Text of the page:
Monday, July 23, 2007

Well-cradled Capital!
This is exactly what you wanted -- a mutual fund scheme that promises to protect your initial investment and gives better returns than a bank fixed deposit and other guaranteed products on offer. A magic magnetic force attracting you into the Mutual Fund ambit! Should you let yourself be attracted or repelled?
Capital Protection Funds are essentially a simplified version of structured products with investments made in high quality debt, which typically commands lower yields, while simultaneously taking a small exposure to a more risky asset, equity. Structured products are already highly popular in Europe. They are beginning to make their mark in India with a deluge of funds from reputed fund houses like Franklin Templeton, UTI, Deutsche, DBS Cholamandalam, Prudential ICICI, Birla Sunlife, Sundaram BNP Paribas…

The wary watchdog

In August 2006, market regulator Securities and Exchange Board of India (SEBI) issued guidelines permitting fund houses to launch "capital protection-oriented" schemes. SEBI said capital protection should arise from the way in which the portfolio was constructed and not from any guarantee by the asset management company or sponsor. It also required that the scheme be rated by a credit rating agency on the ability of the fund to protect the initial investment. The rating had to be reviewed on a quarterly basis and AMCs had to ensure that the debt component of the portfolio had the highest investment grade rating (AAA or P1+). In addition, these schemes should be closed-end, so that you could invest only at the time of the new fund offer and could redeem only on the completion of its term or if it gets listed.
I would like to draw your attention to the fact that the guidelines talk about an effort to protect capital. There is no mention about the effort actually having to succeed!
The modus operandi
To ensure that you are able to reap maximum benefits by participating in an asset class that gives better returns without compromising on the safety of the capital invested, a portion of the
fund is invested in debt instruments that would mature at the value of the initial investment at the time of redemption and the remaining in equity. For example, out of Rs 100, Rs 80 may be invested in an interest-paying debt instrument or zero-coupon bonds, whose maturity value is Rs 100. The remaining Rs 20 is invested in equity. Over a three to five-year period (which is the tenure of such funds), however, it is reasonable to expect a modest return from equity. Even if equity returns nothing, you still have your capital intact.
This is something that you can easily replicate by parking the funds in a Post Office Monthly Income Scheme (POMIS) and investing the monthly interest in the equity market. However, the advantage that fund houses would bring is the use of sophisticated tools to manage funds between less risky assets and risky assets. The protection is at risk only if the value of the portfolio falls below the floor, Rs 80, and this is monitored on a continuous basis with built-in triggers.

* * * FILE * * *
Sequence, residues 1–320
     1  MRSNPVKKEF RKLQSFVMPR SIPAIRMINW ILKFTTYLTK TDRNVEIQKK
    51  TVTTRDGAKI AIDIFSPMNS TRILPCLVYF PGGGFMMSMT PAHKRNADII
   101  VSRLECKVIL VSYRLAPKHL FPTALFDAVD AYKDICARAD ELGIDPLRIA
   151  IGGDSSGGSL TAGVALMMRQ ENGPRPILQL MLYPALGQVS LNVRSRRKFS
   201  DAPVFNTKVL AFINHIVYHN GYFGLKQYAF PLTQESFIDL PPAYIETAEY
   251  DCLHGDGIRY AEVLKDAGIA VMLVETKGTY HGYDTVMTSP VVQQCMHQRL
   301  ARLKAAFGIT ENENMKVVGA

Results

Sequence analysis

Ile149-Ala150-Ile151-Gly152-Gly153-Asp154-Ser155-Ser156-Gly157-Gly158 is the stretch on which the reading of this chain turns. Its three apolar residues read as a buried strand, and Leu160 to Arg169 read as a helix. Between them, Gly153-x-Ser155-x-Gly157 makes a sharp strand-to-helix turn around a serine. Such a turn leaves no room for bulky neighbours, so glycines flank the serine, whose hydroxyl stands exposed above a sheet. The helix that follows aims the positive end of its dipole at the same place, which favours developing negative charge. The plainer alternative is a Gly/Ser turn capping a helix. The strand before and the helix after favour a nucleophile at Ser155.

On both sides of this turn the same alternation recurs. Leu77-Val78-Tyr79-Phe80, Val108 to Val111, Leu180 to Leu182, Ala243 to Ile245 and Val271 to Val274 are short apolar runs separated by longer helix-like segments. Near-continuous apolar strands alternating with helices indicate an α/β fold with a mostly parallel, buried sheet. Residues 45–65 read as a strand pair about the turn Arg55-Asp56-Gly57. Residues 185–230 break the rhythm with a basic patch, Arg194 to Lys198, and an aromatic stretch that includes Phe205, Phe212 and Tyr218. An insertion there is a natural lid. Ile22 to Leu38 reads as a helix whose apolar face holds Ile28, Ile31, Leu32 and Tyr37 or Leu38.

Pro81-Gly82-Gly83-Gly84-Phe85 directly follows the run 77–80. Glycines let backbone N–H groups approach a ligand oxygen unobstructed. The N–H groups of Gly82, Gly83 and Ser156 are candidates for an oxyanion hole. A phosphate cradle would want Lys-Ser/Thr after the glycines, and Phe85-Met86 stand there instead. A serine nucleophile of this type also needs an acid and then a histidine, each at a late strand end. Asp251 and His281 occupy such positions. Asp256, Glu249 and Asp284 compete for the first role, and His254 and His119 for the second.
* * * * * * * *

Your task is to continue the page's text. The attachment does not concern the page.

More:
A double-edged sword…
Capital protection funds are excellent tools for fund houses because they are able to tap into a source of funds that have so far been cornered by bank deposits or post office schemes. However, you need to keep in mind certain issues before being carried away by the capital protection bait. Capital protection funds aim to protect your rupee investment and inflation is ignored. This means that even if you get the Rs 100 that you had invested, effectively you have lost money because of the value erosion in the Rs 100 over the period. Does this mean that you will lose money? Not likely. The closed-end nature of these schemes gives the fund manager the defined period benefit for making investments in debt instruments which ensure protection but the liquidity aspect takes a severe beating (you can invest only that portion of your money that can be set aside for 3 to 5 years). The credit rating that SEBI insists on will also provide an added level of security for you.
The long-term risk-free returns that you can earn in the Indian economy will stay limited to perhaps 3% or 4% above what you could earn by putting a fixed deposit in a bank. A modest return slightly more than an FD without risk is a pretty good deal. However, if you are somehow led to believe that these funds will reach up to the stars along with the index during bull runs and then miraculously not fall when the markets nosedive, then you are in for a rude shock. In real life, these funds will rise gently when the market shoots up and will go down less than they went up earlier when the markets reach their nadir.
… the cutting edge?
Capital-protection-oriented funds are predominantly debt funds that have a limited exposure to equity and, therefore, the returns cannot be compared to that of an equity fund. The fund can make an apt fit if you are a low to moderate risk-taking investor since it offers an opportunity to invest in a market-linked investment avenue without compromising on your risk profile. This fund would be all the more appealing if you are in the highest tax bracket or close to retirement. A cradle for the capital invested … But if you are an investor with a long-term perspective and not hung up on capital protection, you are better off investing in a well-managed diversified equity fund.